8. Beardo

    Beardo Arachnoprince Old Timer

    Hey Michael, I'll trade you some potato wedges for one of your subfusca when they hatch out. I know, I know...my generosity is overwhelming. No need to thank me. :D
  9. MizM

    MizM Arachnoprincess Old Timer

    Oh geeze!:eek: Potato wedges? What's next? I can hear it now: "Who do I have to sleep with around here to get a P. metallica?!"{D
  10. Michael Jacobi

    Michael Jacobi RETIRED/RARELY USE AB Arachnosupporter

    @ Ray: No upset - and no apology necessary. I took your post as playfully commenting on the prices in the US, which may seem exorbitant to those who don't completely understand the significant differences between the European market and the American and the numerous factors that impact arachnid commerce in the US.

    @ Terri: We may be able to work something out ;)

    @ David: You want something wedged where?

    Cheers, Michael
  11. David Burns

    David Burns Arachnoprince Old Timer

    If this "infamous" danish breeder is reading this thread. I would like to thank him!! Not just for this specie, but for all the species he has produced at levels where he could export them to us.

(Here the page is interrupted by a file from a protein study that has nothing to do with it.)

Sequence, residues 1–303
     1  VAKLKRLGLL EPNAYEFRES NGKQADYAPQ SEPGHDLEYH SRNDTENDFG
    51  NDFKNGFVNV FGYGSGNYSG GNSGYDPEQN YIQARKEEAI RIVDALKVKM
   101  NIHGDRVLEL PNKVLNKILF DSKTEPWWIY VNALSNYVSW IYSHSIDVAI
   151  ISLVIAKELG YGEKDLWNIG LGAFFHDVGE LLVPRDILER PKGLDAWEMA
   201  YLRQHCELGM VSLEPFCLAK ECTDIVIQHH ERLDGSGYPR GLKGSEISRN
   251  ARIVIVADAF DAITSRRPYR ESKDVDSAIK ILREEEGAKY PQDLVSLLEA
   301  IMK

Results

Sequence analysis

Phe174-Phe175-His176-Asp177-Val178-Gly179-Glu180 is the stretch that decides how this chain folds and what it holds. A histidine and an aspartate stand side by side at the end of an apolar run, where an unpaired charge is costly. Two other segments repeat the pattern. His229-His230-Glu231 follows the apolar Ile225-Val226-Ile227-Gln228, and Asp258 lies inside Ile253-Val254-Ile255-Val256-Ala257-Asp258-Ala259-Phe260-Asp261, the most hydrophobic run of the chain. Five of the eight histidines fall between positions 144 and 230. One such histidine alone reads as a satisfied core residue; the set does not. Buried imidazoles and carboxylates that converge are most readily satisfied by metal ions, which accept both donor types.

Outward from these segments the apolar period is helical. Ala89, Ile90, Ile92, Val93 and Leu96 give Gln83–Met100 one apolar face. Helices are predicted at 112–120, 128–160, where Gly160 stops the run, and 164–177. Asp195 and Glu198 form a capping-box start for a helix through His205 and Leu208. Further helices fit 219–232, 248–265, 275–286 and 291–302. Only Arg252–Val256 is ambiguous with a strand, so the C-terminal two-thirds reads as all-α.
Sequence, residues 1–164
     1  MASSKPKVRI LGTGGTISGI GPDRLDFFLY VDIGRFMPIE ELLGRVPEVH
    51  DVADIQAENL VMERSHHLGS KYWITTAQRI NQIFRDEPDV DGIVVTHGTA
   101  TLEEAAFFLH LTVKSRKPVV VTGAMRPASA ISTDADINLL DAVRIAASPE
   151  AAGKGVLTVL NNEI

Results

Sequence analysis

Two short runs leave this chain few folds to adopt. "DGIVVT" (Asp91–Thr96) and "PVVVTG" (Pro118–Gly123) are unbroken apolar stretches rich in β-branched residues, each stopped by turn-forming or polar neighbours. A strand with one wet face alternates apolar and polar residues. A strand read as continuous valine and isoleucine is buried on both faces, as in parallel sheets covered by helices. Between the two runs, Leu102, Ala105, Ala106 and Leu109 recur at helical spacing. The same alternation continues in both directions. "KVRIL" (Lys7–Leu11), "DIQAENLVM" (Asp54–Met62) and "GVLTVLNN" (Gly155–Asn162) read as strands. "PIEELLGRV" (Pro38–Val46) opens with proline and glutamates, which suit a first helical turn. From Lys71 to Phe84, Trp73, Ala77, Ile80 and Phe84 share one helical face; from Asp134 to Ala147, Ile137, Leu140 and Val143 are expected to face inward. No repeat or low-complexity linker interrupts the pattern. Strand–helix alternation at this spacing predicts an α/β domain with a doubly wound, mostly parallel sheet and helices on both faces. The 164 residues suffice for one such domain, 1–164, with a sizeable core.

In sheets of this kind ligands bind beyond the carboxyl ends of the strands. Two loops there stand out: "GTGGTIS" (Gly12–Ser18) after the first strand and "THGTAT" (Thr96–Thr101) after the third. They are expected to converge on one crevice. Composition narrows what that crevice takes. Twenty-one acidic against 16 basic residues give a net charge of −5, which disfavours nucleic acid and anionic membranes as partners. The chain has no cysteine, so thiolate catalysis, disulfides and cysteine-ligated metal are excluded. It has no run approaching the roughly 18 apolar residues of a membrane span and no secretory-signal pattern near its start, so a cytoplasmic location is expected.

Maybe he could write a book on breeding.

    I think part of the problem of people not understanding the high prices of some species, is that people who have not tried breeding think that if you put a pair together you get a sac. Or, if you get a sac you get slings. This just isn't the case. :wall:
  12. Michael Jacobi

    Michael Jacobi RETIRED/RARELY USE AB Arachnosupporter

    Actually, Henrik Wessel Frank is a member of Arachnoboards (Hendriks) and, according to his user profile, was on the site today.

    Cheers, Michael
  13. Nich

    Nich Curator of glass boxes Arachnosupporter

    Wow, I was not aware of this. Im moving to somewhere near Shrilanka......:)
  14. Michael Jacobi

    Michael Jacobi RETIRED/RARELY USE AB Arachnosupporter